Reaction to Thrivent Charter Move Muted
Credit union leaders have not said much about the news that Thrivent Financial for Lutherans is narrowing the business focus of its subsidiary Thrivent Financial Bank and launching a credit union to take the bank's retail business.
Thrivent Financial Bank is a $550 million operation headquartered in Appleton, Wis., and part of a larger organization that is the only non-profit on the Fortune 500.
NAFCU CEO Fred Becker said it was “[a]lways great to have a new credit union, especially one that recognizes the value of the credit union model over other alternatives.”
CUNA CEO Bill Cheney said his trade group also welcomed the move. “We welcome their steps in offering credit union services to their members, and invite other banks with an interest in providing their customers a better value to consider such a move as well,” Cheney said.
The Wisconsin Credit Union League has not yet commented on the development.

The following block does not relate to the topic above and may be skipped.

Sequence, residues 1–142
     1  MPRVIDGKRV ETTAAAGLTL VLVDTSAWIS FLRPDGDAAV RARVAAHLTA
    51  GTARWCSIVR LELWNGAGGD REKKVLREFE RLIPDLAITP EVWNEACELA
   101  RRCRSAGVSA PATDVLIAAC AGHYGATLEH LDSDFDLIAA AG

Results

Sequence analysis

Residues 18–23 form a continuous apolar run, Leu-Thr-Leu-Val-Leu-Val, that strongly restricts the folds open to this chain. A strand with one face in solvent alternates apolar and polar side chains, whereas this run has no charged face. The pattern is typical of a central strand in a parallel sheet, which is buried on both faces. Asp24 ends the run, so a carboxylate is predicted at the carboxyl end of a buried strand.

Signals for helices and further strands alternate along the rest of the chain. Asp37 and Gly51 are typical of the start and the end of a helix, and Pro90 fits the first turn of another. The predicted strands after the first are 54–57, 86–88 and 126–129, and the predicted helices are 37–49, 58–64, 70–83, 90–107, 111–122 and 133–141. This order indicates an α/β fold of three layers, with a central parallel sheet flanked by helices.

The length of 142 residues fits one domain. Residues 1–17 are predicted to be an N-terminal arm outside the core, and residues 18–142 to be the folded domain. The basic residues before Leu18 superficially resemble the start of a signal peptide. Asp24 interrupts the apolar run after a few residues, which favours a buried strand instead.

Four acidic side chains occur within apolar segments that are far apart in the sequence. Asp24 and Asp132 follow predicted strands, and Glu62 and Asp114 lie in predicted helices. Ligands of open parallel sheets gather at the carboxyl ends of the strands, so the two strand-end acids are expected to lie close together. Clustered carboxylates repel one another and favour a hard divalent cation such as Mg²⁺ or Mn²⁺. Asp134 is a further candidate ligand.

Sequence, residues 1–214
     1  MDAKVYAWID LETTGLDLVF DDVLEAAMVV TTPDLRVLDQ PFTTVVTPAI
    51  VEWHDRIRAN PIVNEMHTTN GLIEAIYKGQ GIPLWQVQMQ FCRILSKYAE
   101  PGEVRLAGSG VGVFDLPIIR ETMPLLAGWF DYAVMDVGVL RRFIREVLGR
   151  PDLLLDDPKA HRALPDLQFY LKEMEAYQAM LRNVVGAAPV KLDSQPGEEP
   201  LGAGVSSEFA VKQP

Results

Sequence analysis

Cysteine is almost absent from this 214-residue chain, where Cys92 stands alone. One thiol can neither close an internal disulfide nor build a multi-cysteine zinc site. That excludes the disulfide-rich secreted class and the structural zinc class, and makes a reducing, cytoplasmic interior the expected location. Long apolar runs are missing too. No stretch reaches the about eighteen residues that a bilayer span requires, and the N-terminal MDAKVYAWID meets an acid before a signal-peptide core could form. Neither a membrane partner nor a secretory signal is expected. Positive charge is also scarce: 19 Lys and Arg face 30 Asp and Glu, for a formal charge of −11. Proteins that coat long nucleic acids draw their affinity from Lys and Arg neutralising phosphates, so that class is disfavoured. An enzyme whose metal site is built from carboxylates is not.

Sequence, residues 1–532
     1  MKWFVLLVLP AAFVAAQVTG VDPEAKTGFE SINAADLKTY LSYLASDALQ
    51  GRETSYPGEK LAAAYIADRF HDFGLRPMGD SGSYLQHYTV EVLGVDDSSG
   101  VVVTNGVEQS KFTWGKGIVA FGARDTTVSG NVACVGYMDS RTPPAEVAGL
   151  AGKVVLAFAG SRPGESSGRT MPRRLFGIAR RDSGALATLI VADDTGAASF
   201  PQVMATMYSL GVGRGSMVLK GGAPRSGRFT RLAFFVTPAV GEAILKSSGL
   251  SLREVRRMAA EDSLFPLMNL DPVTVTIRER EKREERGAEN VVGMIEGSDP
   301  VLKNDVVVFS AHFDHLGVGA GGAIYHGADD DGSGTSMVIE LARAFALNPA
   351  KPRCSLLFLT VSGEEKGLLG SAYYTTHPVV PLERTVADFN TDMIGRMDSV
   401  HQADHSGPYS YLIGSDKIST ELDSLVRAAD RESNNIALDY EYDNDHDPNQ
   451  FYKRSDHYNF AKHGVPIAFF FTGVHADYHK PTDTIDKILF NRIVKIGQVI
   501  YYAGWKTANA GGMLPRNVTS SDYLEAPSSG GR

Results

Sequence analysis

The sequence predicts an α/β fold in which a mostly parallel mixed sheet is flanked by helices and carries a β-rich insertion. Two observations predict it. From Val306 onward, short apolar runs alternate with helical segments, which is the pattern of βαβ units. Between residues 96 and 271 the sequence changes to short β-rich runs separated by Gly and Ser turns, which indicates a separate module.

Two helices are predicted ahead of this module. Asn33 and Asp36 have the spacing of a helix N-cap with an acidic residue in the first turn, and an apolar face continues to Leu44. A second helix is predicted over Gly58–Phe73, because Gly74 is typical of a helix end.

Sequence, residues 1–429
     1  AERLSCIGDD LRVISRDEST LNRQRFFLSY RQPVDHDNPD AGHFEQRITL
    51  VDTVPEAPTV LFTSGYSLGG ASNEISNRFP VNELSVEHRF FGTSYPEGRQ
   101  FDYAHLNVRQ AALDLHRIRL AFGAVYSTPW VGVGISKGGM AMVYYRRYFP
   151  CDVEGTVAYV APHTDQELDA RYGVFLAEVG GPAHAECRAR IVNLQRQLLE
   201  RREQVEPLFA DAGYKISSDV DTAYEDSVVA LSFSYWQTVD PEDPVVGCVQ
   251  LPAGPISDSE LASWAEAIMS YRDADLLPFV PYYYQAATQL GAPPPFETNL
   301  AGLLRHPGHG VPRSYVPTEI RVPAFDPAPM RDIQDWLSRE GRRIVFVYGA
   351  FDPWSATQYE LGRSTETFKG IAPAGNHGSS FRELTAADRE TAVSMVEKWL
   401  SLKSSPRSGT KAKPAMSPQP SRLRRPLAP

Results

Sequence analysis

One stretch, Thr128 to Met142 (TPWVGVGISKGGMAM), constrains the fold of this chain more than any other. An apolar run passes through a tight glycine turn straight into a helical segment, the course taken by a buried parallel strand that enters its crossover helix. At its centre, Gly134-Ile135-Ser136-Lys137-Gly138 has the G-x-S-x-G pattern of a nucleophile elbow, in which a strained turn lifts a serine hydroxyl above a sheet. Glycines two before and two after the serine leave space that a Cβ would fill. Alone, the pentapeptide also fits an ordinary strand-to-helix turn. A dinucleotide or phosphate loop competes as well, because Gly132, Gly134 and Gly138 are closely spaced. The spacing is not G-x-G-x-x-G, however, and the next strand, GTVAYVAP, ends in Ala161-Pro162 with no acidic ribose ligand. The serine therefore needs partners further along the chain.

Alan Theriault, president of CU Financial Services, a consulting firm which helps credit unions change to bank charters, put the move in the context of a broader trend he had noticed among insurance companies and banking.
Many insurance companies had started banks and then been forced to back off after they found that the business model had not been as easy to adapt as they imagined, Theriault explained. In addition, the margins on the banking business were not as favorable as they had been, he added.
He also observed that the insurer had not mentioned how it planned to capitalize the CU. “When they dissolved those CUs in 2001, the capital went back to the members, so I would be curious about how the plan to capitalize it now,” he said.
Thrivent Financial Bank, on its website, said three credit unions, one trust bank and one community bank were consolidated in 2001 to create the current bank.